UK Resident and Habitually Resident

Published / Last Updated on 14/06/2015

ResidencyUK Resident and Habitually Resident Rules

For most countries, including the UK, you are resident if you live in that country for 183 days or more in a given tax year.  But from 2013, the UK issued a whole new set of rules concerning residency, days in the UK, housing and families ties:  The Statutory Residence Test.

Resident for tax is different under UK law to your Domicile (which decides whether you are subject to UK Inheritance Taxes on Worldwide Assets - not just your UK assets).

The UK tax year runs from 6 April to 5 April in the following calendar year.  For many other countries, the tax year is 1 January to 31 December.   Some countries, but not many, have other dates.

UK Residency - Means being subject to UK Income Tax

  • If you are resident in the UK, you are subject to UK taxation laws.
  • If you are not resident but have assets in the UK, those assets are subject to UK taxation laws.
  • The days of arrival and departure are generally ignored, although a ruling in 2006 said that the day of arrival and departure should be counted as one day in total.
  • The number of days you spend in the UK are accumulated over the year and if you reach 183 days, you are resident in the UK for tax purposes.New Statutory Residence Test Don't Get Caught Out
  • If you arrive with the intention of staying in the UK for more than 183 days, you are resident for income tax purposes on day one.

Residency test for days that do not count: If you are in the UK at Midnight on any given day, this counts towards the numbers of days as a resident.  Days that you are in transit, even if say you land in the UK pass through passport control and the get on a train and then a ferry two days later to another country do not count, provided the only reason you were here was that you are in transit.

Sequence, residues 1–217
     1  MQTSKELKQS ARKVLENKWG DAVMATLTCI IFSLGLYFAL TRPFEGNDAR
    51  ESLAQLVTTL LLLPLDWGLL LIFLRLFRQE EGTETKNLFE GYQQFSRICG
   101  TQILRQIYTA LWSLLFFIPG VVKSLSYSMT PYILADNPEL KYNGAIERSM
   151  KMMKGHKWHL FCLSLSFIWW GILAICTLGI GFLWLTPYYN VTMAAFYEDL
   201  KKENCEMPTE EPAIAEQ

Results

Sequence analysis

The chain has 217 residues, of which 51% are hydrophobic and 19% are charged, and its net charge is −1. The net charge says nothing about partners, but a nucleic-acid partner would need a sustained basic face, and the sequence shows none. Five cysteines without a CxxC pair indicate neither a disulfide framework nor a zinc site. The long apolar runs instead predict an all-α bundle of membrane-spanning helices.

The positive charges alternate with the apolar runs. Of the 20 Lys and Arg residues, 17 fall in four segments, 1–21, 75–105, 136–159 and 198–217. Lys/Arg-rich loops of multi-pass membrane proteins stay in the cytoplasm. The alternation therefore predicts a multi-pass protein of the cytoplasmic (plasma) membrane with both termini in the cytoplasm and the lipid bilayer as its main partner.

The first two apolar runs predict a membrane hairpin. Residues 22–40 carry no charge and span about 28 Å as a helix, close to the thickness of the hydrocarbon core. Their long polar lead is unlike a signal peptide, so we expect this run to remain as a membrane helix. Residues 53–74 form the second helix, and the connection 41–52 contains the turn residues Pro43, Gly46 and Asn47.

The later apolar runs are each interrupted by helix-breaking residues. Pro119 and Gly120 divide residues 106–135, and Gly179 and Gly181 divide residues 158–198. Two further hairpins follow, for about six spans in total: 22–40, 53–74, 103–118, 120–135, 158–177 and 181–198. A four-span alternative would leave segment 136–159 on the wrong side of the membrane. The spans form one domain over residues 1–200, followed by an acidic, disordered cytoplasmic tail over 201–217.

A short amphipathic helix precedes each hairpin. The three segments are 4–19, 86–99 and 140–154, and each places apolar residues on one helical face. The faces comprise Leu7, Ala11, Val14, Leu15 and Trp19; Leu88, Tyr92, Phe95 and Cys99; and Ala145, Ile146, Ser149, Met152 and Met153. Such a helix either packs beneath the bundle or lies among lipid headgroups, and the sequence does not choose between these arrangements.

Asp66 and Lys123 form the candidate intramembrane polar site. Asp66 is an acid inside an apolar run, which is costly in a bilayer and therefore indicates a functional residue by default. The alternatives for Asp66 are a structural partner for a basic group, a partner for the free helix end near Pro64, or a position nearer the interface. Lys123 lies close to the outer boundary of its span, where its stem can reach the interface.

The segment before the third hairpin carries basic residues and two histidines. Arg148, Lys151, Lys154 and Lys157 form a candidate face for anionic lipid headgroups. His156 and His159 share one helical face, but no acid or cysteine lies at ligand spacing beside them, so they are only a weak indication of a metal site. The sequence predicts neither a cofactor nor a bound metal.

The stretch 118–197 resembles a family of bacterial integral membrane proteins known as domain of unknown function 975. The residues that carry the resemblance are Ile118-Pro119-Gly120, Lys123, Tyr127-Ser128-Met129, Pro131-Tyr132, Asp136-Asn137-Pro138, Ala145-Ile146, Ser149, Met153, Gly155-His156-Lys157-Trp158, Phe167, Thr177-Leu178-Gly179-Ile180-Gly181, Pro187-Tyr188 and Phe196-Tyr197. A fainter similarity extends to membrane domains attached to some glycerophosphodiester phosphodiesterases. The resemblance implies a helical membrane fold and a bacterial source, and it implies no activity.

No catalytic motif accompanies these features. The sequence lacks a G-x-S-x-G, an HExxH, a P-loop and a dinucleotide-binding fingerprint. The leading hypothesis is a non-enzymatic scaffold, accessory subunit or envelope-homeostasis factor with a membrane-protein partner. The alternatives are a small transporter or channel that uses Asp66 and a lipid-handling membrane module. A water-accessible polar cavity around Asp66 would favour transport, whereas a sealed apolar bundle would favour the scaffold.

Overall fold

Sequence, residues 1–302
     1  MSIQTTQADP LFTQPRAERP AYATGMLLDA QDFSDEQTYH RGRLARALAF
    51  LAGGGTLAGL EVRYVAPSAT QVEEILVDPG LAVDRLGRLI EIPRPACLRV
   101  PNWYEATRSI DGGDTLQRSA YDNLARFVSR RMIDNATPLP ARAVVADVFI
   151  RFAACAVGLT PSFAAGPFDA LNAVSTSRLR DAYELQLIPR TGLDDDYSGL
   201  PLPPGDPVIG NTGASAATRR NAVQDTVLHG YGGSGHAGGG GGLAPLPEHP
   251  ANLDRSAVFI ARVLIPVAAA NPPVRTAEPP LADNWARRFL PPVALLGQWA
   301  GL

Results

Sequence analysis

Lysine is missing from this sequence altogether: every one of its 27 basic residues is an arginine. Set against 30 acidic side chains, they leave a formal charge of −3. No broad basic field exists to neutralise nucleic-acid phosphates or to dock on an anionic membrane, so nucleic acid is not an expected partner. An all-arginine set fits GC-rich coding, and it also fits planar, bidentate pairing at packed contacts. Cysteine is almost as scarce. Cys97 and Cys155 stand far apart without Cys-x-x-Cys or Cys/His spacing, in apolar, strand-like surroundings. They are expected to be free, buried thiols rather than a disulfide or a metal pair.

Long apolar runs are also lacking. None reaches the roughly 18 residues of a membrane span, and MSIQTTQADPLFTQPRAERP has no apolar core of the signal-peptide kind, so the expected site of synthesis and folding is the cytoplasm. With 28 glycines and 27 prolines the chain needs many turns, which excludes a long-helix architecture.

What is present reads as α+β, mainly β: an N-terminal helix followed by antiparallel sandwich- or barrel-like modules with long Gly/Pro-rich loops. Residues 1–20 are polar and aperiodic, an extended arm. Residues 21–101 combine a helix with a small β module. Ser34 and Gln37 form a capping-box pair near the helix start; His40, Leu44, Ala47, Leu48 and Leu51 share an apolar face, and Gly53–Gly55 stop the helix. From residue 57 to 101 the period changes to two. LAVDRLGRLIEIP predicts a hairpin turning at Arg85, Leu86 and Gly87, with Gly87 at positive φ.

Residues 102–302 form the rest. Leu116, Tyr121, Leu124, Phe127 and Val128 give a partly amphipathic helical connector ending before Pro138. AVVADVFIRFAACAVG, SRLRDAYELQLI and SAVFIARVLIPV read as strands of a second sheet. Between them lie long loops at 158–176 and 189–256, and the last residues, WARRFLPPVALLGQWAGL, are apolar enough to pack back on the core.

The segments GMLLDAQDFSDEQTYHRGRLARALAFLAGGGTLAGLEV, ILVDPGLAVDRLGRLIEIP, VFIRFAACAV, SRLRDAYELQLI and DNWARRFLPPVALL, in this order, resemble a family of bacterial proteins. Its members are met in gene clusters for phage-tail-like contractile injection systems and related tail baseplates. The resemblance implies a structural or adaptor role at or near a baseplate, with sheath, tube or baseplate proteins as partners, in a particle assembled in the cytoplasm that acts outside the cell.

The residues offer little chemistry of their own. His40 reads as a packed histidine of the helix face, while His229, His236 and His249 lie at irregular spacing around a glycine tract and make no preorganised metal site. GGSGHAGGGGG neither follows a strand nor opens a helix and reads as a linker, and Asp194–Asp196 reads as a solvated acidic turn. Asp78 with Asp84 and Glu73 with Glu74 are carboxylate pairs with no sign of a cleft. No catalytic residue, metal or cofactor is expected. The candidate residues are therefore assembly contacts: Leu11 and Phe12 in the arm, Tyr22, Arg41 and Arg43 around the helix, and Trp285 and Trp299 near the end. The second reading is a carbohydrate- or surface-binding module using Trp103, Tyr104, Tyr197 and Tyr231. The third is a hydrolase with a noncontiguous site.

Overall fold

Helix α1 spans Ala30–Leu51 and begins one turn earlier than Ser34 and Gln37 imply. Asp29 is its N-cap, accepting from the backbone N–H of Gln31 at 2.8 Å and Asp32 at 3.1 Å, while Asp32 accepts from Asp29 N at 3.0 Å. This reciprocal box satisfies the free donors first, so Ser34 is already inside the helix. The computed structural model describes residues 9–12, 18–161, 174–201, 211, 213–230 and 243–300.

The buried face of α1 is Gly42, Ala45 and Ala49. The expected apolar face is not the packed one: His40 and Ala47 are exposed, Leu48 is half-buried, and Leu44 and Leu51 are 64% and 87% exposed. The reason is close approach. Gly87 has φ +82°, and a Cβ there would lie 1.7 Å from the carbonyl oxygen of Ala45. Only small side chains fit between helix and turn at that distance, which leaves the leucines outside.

Moved Overseas?  Working Overseas? 

  • This does not mean you are not liable to income tax in the UK. 
  • You still may be classed as ordinarily resident or habitually resident in the UK meaning your income overseas is subject to UK Income Tax.

2013 - The New Statutory Residence Test

Starting from April 2013, HMRC has issued new tests to confirm whether you are considered resident in the UK for tax, an overseas resident or indeed if there are "tie breakers" on a points system if you maintain sufficient ties with the UK.

Speak to an adviser and find out about residency rules and your liability to UK taxes.


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